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Nobody's name is "hey sound guy"

Hands on a soundboard at a live music vene
Madeleine Charis King
Gabe Scheid controls levels on the mixing board at xBk, a music venue in Des Moines.

Dessa spoke these wise words during a poetic interlude in 2022 at her Music University concert. We asked a "sound guy,” Gabe Scheid, who is the production manager at xBk in Des Moines, to write about what a show looks like from the mixing console, and to offer some advice for bands.

It’s my job to work with artists to deliver the best possible live music experience. That’s it. Pretty simple. But there’s a lot that goes into producing a top-tier performance, and though some of those skills are music industry specific, perhaps not as many as you might think.

Each gig starts in my email inbox, communicating with the band weeks ahead of the show to add to my growing collection of stage plots and input lists. The stage plot tells me how many members there are and where they’ll be positioned on stage. A few of my favorite examples have included hand-drawn stick figures, too many bee emojis, and the instruction, “I just need to be really loud; I don’t care if there’s feedback in the monitor.” Input lists get a bit more specific; they tell me exactly how many microphones and DIs (direct input boxes) are needed. Part of my job is reviewing these ahead of time, and the other part is acknowledging four out of five times their needs day-of-show are different from what they sent me, so BE FLEXIBLE.

Next is load-in, followed by soundcheck. Now, being a musician myself, I understand that most artists are of the sensitive persuasion. And the stresses of being on the road, surviving on gas station pizza and sleeping on friends’ futons wears away at even the most intrepid person’s patience and empathy. I make it a point to greet everyone with a warm welcome to establish a comfortable environment. Is it an Iowa nice thing, or just a good way to human? We’ll never know.

I head back to the mixing console at FOH (front of house) and hop on the “God mic” (a microphone used by tech crew to address people on stage). We do a line check (checking each instrument one at a time to confirm the signal path is correct), then the band plays for a bit to make monitor level adjustments and get used to the space.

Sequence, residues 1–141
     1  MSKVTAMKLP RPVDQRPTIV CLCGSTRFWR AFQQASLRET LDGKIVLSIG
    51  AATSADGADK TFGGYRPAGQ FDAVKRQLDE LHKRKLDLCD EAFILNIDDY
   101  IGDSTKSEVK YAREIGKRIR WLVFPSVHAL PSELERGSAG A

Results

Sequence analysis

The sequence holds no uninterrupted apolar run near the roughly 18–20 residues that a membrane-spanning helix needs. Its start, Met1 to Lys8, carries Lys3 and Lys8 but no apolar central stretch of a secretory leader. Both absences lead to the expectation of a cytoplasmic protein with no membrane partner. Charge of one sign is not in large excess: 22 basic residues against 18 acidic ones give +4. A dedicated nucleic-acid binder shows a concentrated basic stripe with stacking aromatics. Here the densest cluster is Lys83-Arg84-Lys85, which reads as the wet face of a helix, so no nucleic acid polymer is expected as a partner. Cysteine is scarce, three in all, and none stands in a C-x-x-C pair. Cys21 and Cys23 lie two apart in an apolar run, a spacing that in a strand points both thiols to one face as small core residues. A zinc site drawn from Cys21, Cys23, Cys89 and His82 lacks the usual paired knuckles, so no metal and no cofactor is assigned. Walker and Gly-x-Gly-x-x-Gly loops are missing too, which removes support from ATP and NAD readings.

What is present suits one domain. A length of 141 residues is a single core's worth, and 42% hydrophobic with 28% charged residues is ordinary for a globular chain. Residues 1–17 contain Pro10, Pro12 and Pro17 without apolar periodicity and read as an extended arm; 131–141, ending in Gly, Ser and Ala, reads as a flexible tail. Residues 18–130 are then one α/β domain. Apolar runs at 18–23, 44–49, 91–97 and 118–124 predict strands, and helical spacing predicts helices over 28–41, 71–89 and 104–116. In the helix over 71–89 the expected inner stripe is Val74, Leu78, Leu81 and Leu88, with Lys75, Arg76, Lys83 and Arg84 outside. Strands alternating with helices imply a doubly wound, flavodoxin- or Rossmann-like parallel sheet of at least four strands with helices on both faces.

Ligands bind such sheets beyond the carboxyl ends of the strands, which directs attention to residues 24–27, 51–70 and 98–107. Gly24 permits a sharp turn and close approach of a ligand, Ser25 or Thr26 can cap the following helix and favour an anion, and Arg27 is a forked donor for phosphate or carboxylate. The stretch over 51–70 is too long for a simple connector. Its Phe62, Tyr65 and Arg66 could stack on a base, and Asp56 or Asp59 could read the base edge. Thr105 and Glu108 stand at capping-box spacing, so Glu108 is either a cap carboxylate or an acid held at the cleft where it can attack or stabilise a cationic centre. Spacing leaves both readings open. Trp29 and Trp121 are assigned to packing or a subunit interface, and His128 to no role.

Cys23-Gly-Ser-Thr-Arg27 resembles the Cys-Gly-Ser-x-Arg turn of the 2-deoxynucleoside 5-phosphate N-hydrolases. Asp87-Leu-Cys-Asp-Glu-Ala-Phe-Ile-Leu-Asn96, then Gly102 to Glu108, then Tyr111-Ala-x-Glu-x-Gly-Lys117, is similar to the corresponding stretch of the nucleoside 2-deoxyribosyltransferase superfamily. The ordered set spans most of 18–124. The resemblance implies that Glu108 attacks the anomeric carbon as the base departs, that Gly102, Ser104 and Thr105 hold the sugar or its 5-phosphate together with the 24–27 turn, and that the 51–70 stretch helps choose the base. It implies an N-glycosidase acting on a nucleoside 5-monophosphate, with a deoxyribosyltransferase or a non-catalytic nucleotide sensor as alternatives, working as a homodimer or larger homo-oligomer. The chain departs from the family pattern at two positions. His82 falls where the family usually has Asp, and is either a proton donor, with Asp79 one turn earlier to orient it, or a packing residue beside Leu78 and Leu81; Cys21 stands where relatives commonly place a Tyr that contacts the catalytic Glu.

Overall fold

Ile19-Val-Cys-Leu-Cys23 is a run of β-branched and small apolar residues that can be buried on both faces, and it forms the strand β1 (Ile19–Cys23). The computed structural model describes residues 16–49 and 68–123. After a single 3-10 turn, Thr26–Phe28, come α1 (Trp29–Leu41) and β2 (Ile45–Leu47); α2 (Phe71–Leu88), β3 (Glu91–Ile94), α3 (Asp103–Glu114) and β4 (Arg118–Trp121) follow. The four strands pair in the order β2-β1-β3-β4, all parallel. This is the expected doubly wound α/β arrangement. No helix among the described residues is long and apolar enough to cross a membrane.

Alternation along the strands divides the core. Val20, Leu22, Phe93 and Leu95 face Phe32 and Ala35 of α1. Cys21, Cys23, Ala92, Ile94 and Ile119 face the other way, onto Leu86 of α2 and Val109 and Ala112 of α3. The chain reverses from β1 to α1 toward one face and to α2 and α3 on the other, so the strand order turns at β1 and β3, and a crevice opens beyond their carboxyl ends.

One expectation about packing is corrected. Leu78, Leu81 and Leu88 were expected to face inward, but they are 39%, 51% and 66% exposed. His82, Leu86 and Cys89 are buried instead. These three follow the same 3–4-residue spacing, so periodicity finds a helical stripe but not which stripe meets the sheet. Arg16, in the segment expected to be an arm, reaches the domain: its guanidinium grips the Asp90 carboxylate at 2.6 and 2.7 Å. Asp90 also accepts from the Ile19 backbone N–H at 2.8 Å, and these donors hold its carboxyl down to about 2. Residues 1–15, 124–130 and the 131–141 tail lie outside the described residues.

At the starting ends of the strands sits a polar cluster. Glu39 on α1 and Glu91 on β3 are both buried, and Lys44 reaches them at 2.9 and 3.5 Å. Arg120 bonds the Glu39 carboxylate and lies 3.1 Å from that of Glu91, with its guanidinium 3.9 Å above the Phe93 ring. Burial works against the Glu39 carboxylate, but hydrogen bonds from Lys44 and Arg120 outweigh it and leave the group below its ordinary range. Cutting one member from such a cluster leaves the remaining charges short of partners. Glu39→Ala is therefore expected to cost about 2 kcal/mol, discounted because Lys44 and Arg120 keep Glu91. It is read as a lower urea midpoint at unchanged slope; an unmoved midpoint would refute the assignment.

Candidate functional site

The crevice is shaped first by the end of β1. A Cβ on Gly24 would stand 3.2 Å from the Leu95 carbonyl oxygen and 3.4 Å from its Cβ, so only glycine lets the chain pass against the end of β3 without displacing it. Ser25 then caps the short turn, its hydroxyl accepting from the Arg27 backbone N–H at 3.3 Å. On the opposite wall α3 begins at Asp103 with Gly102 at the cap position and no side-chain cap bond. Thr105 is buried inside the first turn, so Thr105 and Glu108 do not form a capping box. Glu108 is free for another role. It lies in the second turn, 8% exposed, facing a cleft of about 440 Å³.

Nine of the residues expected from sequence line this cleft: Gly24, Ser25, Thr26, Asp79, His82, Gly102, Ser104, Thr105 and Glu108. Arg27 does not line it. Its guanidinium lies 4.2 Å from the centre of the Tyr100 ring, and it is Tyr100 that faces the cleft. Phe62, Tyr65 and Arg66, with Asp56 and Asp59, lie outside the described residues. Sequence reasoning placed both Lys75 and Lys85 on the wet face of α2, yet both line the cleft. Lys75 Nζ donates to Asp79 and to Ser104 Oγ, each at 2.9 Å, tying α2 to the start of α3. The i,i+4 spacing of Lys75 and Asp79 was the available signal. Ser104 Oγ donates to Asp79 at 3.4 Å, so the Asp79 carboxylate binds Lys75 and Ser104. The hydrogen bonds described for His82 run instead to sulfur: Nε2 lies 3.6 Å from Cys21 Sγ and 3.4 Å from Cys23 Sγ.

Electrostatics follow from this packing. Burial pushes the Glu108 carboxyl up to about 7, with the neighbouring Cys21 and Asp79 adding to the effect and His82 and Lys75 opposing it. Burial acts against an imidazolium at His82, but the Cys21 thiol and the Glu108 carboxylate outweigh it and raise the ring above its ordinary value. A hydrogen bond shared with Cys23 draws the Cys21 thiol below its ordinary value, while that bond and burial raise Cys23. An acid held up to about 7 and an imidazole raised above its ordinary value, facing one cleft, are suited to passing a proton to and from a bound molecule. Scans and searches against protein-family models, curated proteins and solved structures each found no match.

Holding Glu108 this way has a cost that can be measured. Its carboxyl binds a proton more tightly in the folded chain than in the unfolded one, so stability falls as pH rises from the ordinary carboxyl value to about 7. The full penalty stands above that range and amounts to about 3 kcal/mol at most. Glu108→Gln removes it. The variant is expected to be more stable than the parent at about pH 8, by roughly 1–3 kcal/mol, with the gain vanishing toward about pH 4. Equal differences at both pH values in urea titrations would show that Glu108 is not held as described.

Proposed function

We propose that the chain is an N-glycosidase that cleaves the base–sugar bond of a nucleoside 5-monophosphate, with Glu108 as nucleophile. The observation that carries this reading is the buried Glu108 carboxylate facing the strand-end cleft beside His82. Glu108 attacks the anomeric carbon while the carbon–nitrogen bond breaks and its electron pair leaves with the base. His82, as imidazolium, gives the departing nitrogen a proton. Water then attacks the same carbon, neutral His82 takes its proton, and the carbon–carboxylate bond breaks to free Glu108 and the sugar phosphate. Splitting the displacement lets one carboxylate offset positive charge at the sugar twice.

Then finally comes the show.

Sound engineers: we make the world sound good. Thank you to everyone who has stopped by since xBk opened to compliment the production. Sometimes teching a show can feel like a thankless job because of the adage, “if I do my job right no one should notice me.”

For bands just starting to gig or for folks looking for some of my two cents, here’s some advice from the FOH:

Don’t play too loud.

Being a successful performer means knowing what a given situation needs and responding appropriately. That means please no more 8x12 100 watt Marshall stacks inside 250 capacity rooms. Please. I’ve had several veteran musicians play our stage and witnessed firsthand the detriment of too much loud music over a lifetime. You only get one pair of ears so use them wisely; your fans will thank you, too.

Just use clear language and be honest about what you need.

So many artists start with, “Sorry but could I get a little…” when they want something different in their monitor mix, and I’ve found myself telling them to stop apologizing when they need something. The artist/sound person relationship is not adversarial. We’re on the same team here!

Where do I get some food before the show?

Gursha Ethiopian Grill has become a staff and artist favorite in the neighborhood. If you’ve never tried injera before you’re missing out. Also, Kitchen Spaces a few doors down is really cool. They rent out their building to local chefs so the menu is constantly shifting (shout out to Dumpling House!). Honestly, the neighborhood has been exploding with good food recently. Whether you want a slice, a burger, tacos, or Mediterranean, you can find it.

Bands I discovered this year that are must listens:

Katy Guillen & The Drive, Plumero, Post Animal, The Browning, Chastity Brown, Haley Heyndrickx

Gabe Scheid
Gabe received his M.M. in Jazz Performance degree from the University of Northern Colorado in May of 2015, after completing his B.A. in Jazz Studies at the University of Northern Iowa in May of 2013.Currently living in Ames, Iowa, Gabe performs and teaches lessons in the greater Des Moines area. He co-founded Motide Music with electronic musician/producer Jeremy Franklin. Together they perform as a duo under the Station 1 Record Label and function as producers for Des Moines spoken-word/hip-hop artist Andre Davis. In early 2020 Gabe became the Production Manager at Des Moines's music venue xBk Live, where he gets to work with local, regional and national acts.